The existence of waste is an indicator of inefficiency in the human economy. We extract from nature to create billions of tonnes of things which we use once, then bury or pump them out to sea - and pay money for each of these stages! As individuals we can learn to avoid, reduce, reuse and recycle, with the journey ending with zero waste... nature's finest.
The average Australian household wastes more than $1,000 every year purchasing items they never use. So use what you buy, buy less and save. more »
Time and paper are precious resources. Junk mail, email spam and unsolicited phone calls waste both time and paper, so let's get rid of them! more »
Renovating or demolishing a house to build a new one generates up to 200 tonnes of 'waste', but around 80 per cent of this material could be re-used or recycled, saving vast q ... more »
Nutrient recycling is the foundation of life. Today's organic waste is tomorrow's lunch, so look after those worms and compost piles. more »
Replicating nature's nutrient cycle by creating closed loops for the recycling and reuse of those man-made (technical) elements of our consumption delivers efficiency, reduces ... more »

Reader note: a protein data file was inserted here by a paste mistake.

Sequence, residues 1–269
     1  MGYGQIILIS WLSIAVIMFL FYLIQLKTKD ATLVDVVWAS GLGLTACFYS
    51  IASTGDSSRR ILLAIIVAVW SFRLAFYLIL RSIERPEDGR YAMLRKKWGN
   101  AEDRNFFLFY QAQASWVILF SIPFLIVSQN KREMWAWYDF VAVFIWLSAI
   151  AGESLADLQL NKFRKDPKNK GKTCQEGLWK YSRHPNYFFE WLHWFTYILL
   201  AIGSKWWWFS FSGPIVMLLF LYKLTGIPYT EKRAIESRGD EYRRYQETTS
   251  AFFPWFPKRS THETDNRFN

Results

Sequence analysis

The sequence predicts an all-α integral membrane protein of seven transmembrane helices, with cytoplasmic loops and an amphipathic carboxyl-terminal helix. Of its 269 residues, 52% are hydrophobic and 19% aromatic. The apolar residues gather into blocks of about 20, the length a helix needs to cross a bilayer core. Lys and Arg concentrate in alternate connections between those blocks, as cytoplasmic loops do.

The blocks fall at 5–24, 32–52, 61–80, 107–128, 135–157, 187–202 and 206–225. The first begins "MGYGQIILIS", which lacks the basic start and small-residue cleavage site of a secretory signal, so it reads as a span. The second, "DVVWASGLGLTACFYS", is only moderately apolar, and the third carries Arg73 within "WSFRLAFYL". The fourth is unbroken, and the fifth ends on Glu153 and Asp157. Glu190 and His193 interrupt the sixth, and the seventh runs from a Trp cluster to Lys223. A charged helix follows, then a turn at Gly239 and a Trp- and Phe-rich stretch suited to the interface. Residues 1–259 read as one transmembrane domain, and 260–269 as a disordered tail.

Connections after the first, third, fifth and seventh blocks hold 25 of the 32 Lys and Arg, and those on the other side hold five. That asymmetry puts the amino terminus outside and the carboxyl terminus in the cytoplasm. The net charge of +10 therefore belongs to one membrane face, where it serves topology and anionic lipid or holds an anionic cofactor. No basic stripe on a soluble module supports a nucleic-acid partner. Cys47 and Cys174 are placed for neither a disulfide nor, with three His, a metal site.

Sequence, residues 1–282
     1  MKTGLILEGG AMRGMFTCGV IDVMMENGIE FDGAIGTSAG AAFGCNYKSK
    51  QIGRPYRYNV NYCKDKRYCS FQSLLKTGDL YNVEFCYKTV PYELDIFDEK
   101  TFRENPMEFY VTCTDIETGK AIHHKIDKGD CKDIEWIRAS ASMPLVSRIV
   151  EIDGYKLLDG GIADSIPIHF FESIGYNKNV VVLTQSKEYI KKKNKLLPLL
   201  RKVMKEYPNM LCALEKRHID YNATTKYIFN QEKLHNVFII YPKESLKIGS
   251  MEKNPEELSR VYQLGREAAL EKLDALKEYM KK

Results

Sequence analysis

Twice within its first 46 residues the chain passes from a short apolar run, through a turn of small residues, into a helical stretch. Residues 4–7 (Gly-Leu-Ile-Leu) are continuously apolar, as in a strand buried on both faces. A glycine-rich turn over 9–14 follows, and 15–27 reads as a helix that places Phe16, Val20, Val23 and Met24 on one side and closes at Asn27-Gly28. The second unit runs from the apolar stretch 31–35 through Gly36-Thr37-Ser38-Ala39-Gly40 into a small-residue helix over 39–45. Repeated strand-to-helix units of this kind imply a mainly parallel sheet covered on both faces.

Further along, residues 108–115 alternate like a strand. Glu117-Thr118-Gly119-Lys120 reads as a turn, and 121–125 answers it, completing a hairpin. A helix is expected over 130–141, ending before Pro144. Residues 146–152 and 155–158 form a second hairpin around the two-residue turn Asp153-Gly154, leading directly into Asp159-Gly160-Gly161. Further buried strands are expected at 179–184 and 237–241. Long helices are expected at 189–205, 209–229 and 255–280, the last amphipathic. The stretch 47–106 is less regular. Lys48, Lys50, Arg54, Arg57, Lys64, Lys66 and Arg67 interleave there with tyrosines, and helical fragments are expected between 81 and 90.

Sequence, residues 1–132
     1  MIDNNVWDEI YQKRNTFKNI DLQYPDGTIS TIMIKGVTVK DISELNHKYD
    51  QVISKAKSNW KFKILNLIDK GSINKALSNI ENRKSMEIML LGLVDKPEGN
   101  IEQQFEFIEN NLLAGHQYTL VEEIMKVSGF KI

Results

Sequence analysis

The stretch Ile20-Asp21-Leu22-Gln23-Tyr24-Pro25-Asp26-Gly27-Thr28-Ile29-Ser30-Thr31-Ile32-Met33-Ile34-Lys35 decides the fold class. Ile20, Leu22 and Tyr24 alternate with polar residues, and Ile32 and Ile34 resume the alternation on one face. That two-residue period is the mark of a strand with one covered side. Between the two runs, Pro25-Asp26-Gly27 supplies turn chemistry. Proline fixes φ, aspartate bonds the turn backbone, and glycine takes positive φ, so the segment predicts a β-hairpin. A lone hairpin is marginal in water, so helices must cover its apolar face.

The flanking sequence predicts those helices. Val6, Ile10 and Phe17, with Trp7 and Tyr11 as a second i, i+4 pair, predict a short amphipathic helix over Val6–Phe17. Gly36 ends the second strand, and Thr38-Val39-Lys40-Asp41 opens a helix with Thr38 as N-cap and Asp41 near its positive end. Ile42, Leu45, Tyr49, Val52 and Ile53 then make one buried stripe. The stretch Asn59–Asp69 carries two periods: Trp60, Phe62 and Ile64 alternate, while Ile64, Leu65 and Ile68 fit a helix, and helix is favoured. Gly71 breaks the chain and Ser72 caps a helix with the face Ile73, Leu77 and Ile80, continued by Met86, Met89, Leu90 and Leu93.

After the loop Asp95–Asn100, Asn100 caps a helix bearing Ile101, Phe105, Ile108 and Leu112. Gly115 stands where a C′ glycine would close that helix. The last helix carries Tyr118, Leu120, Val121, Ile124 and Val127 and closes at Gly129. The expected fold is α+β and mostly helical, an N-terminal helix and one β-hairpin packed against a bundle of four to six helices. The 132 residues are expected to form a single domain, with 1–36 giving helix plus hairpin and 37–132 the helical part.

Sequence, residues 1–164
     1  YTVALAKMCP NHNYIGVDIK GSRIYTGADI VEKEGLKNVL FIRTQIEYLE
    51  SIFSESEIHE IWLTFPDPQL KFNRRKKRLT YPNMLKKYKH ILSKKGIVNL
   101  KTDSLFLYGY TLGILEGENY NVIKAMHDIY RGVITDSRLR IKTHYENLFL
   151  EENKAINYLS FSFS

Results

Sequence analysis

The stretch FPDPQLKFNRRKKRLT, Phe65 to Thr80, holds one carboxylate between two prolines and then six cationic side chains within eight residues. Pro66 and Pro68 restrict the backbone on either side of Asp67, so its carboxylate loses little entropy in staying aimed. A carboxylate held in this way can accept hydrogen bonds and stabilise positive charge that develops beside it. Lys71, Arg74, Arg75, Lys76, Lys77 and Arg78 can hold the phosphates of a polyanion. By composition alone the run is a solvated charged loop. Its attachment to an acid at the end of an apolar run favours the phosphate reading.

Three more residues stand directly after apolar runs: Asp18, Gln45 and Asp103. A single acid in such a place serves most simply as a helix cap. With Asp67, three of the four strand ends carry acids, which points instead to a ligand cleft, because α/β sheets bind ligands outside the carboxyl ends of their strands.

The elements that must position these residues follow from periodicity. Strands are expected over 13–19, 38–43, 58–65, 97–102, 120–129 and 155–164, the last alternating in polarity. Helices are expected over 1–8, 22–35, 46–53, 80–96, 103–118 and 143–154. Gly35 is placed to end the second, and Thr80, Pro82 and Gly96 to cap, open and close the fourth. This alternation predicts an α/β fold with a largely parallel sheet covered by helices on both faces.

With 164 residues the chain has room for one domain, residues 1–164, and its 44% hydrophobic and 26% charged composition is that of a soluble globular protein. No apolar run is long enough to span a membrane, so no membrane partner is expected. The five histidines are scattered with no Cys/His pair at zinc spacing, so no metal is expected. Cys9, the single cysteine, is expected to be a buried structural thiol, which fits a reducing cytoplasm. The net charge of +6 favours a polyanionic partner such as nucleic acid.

There is no waste in nature – everything is cycled and recycled through the system. Humans, however, too often use natural resources with a ‘cradle to grave’ mentality. We create enough waste to fill a football stadium every few months! The waste we create ends up in our landfill or, worse, litters our open spaces and waterways. It’s unattractive, smelly and leaches chemicals in to our soils and waterways. If we use natural resources in a more efficient manner and focus on the total life cycle of products, we can minimise all these impacts and more.
Toxic beaches and rivers, litter and smog are all examples of waste impacting on our wellbeing. Actively trying to reduce the amount of waste we produce is part of the personal journey we need to make in order to live sustainable lives and pass a healthy, vibrant and liveable planet onto our children.